Duke of a Gilded Age
Duke of a Gilded Age was a very entertaining read. It starts with a young man from Brooklyn, Wesley Parker, who learns that he has become the sole heir to a vast estate in England, the homeland of his parents. The plot moves through his discovery through his acclimation to his new role in English gentry and nobility society. The characters were all rather well developed, particularly Wesley. The action, while sometimes coming a little too quickly, was fun and exciting. It very quickly grabbed my attention and kept me engaged through the whole book.
In particular, the descriptions of the locations, travel, clothes, accommodations, were lush and vivid, something I really admire. The idea of “don’t tell me, show me” was displayed in this novel throughout and added real knowledge to the reader’s experience. I especially liked the way we could see the change from Wesley’s poverty-stricken life before he inherited, to the transition period of living in a luxurious hotel but having worn and outdated clothes, to becoming a very suave and desirable young nobleman.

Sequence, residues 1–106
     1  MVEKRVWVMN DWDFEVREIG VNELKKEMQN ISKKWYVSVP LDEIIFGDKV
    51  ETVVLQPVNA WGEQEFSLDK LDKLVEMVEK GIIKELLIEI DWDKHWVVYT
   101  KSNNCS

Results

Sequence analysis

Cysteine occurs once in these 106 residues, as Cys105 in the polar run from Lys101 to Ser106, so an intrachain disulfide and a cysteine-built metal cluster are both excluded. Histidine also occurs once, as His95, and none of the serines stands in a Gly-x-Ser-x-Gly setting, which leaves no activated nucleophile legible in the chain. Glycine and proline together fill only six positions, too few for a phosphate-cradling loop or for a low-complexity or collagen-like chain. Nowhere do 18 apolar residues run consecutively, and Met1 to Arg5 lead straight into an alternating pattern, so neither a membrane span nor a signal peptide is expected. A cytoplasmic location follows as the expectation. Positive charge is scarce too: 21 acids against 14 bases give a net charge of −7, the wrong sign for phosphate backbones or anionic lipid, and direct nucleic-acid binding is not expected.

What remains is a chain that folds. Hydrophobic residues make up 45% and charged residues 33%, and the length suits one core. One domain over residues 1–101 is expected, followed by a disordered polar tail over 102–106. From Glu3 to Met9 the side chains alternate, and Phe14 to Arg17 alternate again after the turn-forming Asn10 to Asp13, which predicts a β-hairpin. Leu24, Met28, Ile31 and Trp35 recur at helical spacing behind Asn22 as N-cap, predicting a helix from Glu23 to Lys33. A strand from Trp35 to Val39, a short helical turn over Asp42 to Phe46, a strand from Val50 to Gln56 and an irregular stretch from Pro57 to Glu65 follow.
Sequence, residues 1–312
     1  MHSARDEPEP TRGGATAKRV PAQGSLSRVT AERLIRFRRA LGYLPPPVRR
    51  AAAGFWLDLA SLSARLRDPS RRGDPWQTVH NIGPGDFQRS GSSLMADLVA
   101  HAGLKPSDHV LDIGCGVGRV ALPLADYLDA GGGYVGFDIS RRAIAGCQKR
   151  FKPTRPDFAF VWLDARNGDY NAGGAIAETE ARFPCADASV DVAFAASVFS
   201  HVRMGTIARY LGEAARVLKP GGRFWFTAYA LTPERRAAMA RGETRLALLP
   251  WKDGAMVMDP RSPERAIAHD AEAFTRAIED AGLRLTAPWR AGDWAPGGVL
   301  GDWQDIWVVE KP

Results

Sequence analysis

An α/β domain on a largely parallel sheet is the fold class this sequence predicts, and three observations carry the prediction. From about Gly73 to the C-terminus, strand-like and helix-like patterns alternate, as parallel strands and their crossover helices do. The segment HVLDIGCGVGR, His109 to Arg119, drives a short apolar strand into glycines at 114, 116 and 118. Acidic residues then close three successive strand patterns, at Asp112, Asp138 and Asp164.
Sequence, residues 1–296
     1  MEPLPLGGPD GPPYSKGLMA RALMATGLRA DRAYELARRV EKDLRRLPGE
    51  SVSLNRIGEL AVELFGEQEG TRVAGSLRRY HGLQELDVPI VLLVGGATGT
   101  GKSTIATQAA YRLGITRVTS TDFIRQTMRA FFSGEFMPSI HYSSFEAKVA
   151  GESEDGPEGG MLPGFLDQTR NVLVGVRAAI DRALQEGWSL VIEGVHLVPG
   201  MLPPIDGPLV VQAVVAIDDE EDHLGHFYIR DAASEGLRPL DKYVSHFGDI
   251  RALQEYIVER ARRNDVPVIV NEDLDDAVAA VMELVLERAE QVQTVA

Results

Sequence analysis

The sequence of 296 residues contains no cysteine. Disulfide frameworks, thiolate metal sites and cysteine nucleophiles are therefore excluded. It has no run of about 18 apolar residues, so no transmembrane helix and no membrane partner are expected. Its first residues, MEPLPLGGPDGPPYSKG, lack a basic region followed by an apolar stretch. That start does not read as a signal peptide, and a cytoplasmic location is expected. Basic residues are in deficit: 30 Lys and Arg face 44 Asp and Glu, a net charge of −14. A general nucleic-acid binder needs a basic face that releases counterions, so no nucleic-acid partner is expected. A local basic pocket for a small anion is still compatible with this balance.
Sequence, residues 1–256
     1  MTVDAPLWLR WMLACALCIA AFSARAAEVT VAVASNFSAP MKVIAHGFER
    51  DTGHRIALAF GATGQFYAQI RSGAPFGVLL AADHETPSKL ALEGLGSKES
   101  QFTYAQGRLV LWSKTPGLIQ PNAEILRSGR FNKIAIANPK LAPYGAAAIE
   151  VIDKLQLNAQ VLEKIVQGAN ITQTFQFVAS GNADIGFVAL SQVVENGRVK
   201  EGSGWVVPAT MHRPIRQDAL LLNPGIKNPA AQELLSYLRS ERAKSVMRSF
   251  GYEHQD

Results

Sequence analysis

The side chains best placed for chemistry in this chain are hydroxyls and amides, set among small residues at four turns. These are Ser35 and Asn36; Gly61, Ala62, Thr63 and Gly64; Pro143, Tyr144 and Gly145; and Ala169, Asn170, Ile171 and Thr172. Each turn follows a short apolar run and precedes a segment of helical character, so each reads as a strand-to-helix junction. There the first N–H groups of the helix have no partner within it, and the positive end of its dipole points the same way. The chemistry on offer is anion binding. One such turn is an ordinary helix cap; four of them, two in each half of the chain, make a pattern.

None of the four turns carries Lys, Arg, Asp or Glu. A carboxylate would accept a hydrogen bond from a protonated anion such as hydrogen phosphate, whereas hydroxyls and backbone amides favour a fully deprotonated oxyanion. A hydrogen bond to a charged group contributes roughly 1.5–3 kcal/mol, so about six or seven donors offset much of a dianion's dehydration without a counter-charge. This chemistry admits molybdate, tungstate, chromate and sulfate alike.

Some of the discoveries, rescues, and resolutions happened a little too conveniently. But they were not so convenient as to totally defy reason. If the book had been a little longer, it would have worked in perfectly, and I doubt it would have been as noticeable. The book’s fairly short length was really the only reason some of the action seemed a bit too easy.
The real success comes from the author’s grasp of human desires. Is there really anyone who has not wished they were a princess or duke with wealth and power? Rogers tapped into that common human trait and produced an uncommonly fun and well-written novel.
Her approach was not canned, nor was it too derivative from other stories of a similar nature. Overall, I would certainly recommend this to readers who love a good intrigue, some romance, and who are, like myself, hard core Anglophiles. E-book edition reviewed